Raised by TV . . . with Reunions on YouTube
TV Guide Magazine, the great-grandmother of the humble publication I occasionally contribute to, has made a list of TV's Top 50 Families.
This was a list concept close to my heart, and I couldn't wait to totally ignore the editors' picks so that I could decide on my own. For like many children who were born after the analogy "Book : Library :: TV : Living Room" started to make sense, I had an extended family tree which included people on the other side of the thick glass pane of the telly. (You know, characters.)
Being a bookworm as well--and someone inclined to live in her head in general--I also felt related to a whole bunch of families from literature. But never mind them now. This is a TV-themed post!
My Top 5 TV Families
1) The Lubbocks of Just the Ten of Us
If I didn't know better, I'd blame an anti-Catholic conspiracy for the fact that this wholesome and hilarious family didn't make the original list at all. (A more reasonable explanation is that they were simply booted in favour of two Reality TV families: a non-denominational editorial decision.)
My favourite element of this show has always been the cheesy, 80s take that the four eldest daughters (aka the Lubbock Babes) had on Louisa May Alcott's "four sisters" model. They didn't have much privacy in that big attic bedroom they had to share, but I don't think they minded very much.
I also liked that everyone had lots of personality. When one is part of a family that huge, one has to fight a little just to survive breakfast. This could easily have been a character-driven drama. I'm glad it was a character-spiced sitcom. Because, you know, the best thing about family is that it's funny.
Now let me warn you that the Lubbocks are the only "traditional" family on my list.
2) The Bower-Micellis of Who's the Boss?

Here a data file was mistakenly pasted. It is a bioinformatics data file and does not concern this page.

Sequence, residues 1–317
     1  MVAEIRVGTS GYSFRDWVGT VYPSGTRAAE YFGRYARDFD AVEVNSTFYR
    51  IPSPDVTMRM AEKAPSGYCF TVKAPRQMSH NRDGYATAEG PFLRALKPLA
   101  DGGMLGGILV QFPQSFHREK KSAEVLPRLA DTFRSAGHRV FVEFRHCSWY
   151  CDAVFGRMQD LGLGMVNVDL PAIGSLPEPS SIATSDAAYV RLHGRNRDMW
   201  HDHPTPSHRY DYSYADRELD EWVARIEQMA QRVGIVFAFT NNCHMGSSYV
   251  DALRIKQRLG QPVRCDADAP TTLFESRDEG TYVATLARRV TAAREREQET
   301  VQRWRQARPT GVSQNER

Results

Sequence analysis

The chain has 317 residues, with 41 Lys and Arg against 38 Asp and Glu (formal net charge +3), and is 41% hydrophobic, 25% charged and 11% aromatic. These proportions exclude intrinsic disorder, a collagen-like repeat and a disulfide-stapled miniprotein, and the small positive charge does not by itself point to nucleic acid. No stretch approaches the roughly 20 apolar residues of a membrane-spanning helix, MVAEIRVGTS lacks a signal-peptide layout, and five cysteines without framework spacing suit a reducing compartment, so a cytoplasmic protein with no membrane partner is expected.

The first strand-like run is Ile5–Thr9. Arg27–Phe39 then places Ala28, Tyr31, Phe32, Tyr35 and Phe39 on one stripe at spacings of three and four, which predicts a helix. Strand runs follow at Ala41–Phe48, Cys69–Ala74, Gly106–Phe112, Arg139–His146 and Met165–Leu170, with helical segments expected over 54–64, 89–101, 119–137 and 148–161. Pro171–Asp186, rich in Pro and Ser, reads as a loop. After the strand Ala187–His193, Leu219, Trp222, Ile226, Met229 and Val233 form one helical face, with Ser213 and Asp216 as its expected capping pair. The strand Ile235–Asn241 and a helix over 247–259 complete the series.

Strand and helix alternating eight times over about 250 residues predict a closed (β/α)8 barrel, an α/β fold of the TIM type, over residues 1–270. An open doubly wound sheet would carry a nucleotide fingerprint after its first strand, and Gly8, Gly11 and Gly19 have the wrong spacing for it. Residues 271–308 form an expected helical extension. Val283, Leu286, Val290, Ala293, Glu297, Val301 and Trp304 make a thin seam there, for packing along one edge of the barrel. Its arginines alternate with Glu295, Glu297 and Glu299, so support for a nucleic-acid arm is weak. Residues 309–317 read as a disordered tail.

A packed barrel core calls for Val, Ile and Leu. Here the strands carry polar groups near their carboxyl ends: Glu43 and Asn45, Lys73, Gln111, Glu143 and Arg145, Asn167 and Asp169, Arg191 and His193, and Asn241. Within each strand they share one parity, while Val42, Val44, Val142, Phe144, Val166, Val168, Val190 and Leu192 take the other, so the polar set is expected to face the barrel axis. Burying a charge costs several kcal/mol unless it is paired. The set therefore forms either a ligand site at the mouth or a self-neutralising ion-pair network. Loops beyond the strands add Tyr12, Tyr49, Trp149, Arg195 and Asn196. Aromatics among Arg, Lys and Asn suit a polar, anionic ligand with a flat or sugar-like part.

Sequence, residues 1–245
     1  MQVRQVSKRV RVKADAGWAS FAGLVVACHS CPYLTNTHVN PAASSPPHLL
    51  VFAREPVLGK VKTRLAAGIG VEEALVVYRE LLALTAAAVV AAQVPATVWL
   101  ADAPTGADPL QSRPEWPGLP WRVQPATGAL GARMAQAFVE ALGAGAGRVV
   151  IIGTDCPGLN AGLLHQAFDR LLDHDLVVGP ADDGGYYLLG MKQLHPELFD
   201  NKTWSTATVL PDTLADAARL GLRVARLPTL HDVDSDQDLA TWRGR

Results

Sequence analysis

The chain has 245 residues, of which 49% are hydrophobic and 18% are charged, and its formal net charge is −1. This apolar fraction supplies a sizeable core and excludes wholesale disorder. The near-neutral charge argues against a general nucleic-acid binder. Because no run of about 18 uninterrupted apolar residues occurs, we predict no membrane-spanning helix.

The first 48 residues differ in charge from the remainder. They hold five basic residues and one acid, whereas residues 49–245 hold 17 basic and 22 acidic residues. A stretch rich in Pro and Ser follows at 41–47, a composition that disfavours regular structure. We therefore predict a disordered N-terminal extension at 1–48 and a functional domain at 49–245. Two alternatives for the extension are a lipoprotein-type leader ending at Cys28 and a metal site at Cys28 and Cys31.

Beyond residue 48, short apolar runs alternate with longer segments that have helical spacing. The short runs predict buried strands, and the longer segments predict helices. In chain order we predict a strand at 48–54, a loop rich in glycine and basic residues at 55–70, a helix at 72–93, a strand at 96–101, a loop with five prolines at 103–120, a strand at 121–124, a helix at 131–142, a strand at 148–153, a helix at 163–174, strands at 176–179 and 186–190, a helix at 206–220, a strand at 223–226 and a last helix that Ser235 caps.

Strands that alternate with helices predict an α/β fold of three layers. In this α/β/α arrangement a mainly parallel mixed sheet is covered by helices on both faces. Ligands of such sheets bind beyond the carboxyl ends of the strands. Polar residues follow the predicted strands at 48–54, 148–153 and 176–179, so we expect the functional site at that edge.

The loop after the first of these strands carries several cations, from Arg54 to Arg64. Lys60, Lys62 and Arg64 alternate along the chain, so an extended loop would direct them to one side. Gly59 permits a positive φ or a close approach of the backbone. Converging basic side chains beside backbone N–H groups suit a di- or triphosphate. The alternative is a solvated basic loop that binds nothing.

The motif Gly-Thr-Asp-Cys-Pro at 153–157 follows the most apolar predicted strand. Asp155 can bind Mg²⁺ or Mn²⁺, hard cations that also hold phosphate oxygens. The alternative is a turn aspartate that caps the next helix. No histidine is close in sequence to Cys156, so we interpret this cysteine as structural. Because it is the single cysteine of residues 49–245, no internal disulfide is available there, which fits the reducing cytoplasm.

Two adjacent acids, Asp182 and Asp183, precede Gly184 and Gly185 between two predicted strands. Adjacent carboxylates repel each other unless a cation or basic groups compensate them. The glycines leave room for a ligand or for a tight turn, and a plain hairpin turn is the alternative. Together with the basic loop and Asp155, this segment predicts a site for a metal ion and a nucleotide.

Here's another family which didn't make the "official" list--likely because they weren't "really" a family. (Tony and Angela never did get married--and that was Tony Danza's rotten idea. I think Tony Micelli would have been more traditional . . . and more romantic.)
But they certainly looked like a family, behaved like a family, and made me wish my own family could be more like theirs. If I hadn't wanted them to be a bit of a surprise, I would have put them at #1!
For, feminist wish fulfillment and lax 80s mores aside (and don't tell me you didn't notice), they managed to tell some hard truths with heartwarming humour. Particularly the the fact that single parents--especially the mothers--really can't "do it alone." It doesn't take an enlightened village to raise a child, but a man and a woman who grow up enough to hang in there with each other and to do whatever is necessary to bring the bairns up right.
3) The Tanners of Full House
I wouldn't be a proper "Child of the 80s" if I didn't mention this show and yet I must now admit that I don't remember much of it! I do know that Bob Saget is intent on throwing all the "Danny Tanner" goodwill he built up over the series' entire run, back in the faces of all the show's fans. If only it were possible to separate Danny from Bob . . . like in Total Recall when Quaid separates himself from Hauser. (Oh, crud. Did I just spoil that movie for you?)